Funny how people use convoluted language when their motives are convoluted. One of the great benefits of looking extra closely at what organisations say is that they often give away their ulterior intentions by the way they put words together. 

Far be it from me to accuse of duplicity the pioneering folk who are building the much-vaunted railway line called, for short, ‘HS2’ – the second phase, linking London with Birmingham, of the high-speed line with a longer trajectory that one day, we’re assured, will take passengers from Dover to Scotland with hitherto unattained rapidity.

I’ve always had reservations about this great engineering project.  I had thought that a satisfactory rail service already existed between London and Birmingham. It’s the next stage, from Birmingham to Leeds and beyond, that needs addressing, surely?  And aren’t there objections to the destruction the new works will cause in the countryside, the ancient forests razed to the ground, the precious natural habitats destroyed?  

The Wildlife Trust issued a report on the subject early this year, highlighting these issues. HS2 responded in February with a refutation of those criticisms with a specimen of prose that, I thought, unintentionally told us quite a lot about its way of thinking. Here’s part of it: ‘We’re committed to reviewing our assessment methodology on an ongoing basis and intend to align more closely with the Government’s biodiversity metric once it is published in the coming month.’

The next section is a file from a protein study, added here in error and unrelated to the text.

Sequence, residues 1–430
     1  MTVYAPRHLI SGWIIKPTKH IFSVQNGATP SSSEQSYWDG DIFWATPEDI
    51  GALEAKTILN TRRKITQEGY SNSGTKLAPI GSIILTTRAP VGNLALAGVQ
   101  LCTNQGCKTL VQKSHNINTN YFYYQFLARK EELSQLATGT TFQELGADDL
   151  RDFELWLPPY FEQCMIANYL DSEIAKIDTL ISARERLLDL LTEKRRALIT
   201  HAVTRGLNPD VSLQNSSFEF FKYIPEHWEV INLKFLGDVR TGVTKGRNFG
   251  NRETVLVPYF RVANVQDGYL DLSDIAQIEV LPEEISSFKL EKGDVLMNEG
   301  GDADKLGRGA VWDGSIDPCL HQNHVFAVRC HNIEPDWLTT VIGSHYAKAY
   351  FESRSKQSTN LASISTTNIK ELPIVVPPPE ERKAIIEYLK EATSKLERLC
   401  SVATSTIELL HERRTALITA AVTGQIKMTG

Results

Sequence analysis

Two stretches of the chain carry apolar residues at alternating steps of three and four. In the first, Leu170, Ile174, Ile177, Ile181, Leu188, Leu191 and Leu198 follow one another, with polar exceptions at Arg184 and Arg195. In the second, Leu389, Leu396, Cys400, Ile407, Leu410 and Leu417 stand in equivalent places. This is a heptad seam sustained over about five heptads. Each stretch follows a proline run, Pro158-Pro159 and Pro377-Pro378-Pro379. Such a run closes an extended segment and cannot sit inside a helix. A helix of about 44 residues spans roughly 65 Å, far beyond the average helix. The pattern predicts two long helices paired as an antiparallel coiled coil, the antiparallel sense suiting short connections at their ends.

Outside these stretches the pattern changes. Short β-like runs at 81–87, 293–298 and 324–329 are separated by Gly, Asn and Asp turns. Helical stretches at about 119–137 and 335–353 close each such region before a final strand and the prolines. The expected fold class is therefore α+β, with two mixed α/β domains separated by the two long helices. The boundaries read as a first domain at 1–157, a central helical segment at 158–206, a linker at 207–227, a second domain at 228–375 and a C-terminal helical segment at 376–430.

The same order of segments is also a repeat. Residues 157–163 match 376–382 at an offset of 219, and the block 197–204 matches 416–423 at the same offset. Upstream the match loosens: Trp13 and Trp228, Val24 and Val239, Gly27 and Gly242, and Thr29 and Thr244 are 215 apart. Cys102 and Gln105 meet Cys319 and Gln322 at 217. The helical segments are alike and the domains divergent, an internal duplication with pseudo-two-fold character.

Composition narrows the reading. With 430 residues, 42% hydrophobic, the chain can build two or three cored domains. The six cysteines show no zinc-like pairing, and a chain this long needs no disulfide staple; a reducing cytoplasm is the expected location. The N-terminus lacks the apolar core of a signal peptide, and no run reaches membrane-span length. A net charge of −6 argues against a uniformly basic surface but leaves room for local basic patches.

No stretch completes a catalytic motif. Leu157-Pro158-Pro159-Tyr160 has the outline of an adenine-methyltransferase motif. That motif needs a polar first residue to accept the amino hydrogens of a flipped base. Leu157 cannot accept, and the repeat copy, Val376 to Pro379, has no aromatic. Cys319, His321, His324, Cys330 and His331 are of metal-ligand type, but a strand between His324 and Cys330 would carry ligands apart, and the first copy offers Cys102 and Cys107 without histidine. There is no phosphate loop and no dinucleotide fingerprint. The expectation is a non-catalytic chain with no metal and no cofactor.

As a neutral observer, wishing simply to understand the issues and reach a conclusion as to whether or not to support the project, I note at once that phrase ‘our assessment methodology’. This, being interpreted, means ‘our way of assessing’. A ‘methodology’ is ‘a system of methods and rules,’ as Chambers defines it, ‘applicable to research or work in a given science or art’, and we should perhaps be grateful for so much care and attention. But the long technical term makes me uneasy, and I become suspicious. The first-person plural ‘we’ is that well-known modern weasel term suggesting a cosy band of benevolent workers ‘committted’ to the public good, rather than the trained professional and commercial body in charge of an efficient operation – or, more probably, a group of investors hoping to make as much money as possible out of the scheme. They aim to ‘align more closely with the Government’s biodiversity metric’- in other words, to conform to Government-approved standards for the protection (or measured removal) of wild life, both flora and fauna.

A ‘biodiversity metric’ sounds beautifully professional, but the lay reader of this communication might well wonder what it actually means. ‘On an ongoing basis’ is a rather woolly modern cliché meaning ‘continuous’ and is used to suggest, with suitable seriousness, the permanent and vigorous activity of qualified personnel. We hope that is indeed what it does mean. 

The cold application of pseudo-technical language conveys priorities that seem at odds with the complex reality of the natural world, and indeed with our own human condition. It definitely suggests that ulterior motives are being concealed in it. Please tell us what you mean in clear, unpatronising English, and we’ll all be grateful!   

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